This will sound like heresy, but I hate autumn.
Of course, I appreciate the kaleidoscope of color and Mother Nature really can put on a show, but I’m a child of summer and my mood drops along with the leaves. No amount of pumpkin spice will placate me.
I know this is the way of the natural world and the normal cycle of life. You’d think as the founder of a non-profit dedicated to talking about death and dying, I’d be just fine with fall but that’s not the case. Clearly, I have some work to do.
Watching leaves cascade from a tree the other day, it occurred to me they aren’t concerned about the letting go. When it is their time to detach, they fall free. It’s a lesson in letting go, in accepting the impermanence of things and reflecting on what is. We are always surrounded by death and not just when Nature pulls back and into itself as the seasons change from summer to fall and then to the dark of winter. As my friend, Iron Range writer/blogger/professor Aaron Brown wrote recently, “Death is the promise that makes life worth living.”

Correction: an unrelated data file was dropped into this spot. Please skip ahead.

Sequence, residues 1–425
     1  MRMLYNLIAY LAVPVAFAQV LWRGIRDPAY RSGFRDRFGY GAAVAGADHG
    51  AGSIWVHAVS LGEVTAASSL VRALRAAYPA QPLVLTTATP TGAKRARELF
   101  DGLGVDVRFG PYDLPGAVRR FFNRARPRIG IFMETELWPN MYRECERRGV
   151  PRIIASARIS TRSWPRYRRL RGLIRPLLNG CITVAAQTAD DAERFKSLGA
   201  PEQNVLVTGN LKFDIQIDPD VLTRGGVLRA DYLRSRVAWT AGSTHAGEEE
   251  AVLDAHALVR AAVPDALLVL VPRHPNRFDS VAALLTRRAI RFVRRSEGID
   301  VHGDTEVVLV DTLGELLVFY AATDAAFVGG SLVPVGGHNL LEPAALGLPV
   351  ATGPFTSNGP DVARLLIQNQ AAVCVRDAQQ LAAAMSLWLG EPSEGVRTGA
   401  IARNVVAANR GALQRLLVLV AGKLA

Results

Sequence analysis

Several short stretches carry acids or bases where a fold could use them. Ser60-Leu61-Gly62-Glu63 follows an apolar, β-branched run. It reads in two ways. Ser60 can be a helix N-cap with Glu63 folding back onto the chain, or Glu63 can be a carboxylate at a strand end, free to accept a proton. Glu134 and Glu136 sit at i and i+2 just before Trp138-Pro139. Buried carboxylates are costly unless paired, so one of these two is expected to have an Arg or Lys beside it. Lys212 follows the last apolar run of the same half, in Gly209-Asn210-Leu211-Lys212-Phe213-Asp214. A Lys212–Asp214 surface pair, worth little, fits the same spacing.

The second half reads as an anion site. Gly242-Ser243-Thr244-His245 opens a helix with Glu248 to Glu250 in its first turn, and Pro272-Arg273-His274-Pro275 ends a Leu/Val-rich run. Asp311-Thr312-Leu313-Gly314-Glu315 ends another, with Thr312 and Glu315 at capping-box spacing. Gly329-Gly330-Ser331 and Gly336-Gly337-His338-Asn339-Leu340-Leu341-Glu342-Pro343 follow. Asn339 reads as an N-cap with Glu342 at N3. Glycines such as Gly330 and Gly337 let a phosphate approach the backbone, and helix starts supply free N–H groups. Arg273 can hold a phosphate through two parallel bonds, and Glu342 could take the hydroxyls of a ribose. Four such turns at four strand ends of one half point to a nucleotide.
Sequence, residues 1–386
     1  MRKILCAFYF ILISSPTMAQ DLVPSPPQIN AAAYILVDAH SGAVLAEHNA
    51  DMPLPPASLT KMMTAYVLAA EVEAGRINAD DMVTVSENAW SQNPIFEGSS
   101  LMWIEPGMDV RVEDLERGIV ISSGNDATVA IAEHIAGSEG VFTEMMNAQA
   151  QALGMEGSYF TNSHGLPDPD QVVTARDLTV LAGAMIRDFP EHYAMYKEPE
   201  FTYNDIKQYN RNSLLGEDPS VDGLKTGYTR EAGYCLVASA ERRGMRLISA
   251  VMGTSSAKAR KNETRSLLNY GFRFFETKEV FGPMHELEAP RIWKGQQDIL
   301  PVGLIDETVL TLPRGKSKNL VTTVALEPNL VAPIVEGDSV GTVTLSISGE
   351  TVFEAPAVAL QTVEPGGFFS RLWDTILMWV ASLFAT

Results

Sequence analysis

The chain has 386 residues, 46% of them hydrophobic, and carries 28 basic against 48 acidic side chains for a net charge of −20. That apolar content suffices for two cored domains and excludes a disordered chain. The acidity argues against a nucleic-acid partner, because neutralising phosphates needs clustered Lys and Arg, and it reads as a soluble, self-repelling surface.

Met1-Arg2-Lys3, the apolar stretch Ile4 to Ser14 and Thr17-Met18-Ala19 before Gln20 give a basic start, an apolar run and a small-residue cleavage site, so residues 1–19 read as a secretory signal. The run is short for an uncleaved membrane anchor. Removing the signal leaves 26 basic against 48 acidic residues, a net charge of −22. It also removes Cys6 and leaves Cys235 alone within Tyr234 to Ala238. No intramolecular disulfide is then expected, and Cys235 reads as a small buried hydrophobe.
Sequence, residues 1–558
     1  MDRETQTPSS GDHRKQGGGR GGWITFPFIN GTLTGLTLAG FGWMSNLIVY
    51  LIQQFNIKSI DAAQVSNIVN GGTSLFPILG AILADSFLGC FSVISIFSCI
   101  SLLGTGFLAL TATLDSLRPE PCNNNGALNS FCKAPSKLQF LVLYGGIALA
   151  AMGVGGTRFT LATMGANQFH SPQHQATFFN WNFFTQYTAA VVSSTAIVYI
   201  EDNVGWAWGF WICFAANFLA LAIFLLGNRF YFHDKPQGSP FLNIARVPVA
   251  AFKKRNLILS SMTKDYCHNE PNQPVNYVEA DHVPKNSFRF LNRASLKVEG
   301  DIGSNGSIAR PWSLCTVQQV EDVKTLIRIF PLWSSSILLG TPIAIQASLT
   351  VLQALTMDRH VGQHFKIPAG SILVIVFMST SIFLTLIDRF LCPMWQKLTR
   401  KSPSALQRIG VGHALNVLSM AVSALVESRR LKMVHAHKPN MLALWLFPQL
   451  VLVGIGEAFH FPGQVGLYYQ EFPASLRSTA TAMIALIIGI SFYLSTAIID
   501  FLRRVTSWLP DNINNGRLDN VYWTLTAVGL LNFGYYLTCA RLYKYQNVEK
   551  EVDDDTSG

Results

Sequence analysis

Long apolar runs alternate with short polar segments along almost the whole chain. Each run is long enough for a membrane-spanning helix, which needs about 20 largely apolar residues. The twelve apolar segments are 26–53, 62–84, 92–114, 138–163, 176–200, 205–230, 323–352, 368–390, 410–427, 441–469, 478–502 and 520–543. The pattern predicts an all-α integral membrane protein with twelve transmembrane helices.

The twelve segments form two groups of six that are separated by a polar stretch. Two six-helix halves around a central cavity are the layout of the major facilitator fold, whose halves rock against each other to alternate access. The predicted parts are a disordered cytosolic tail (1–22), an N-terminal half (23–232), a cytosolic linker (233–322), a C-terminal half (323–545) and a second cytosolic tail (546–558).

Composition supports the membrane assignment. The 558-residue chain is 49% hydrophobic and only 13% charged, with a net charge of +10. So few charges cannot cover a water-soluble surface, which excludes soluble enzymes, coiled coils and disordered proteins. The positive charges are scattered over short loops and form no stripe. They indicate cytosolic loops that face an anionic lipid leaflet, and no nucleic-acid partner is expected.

So in this pandemic, when a lot of what we’ve known has been jettisoned and dreams, routines, and people are dead, what are we to do? One of the strengths to work on might be in becoming more comfortable with the letting go, as hard as that is.
Maybe we should look to the trees as our teachers.
“Letting go gives us freedom, and freedom is the only condition for happiness. If, in our heart, we still cling to anything – anger, anxiety, or possessions – we cannot be free.” – Thich Nhat Hanh,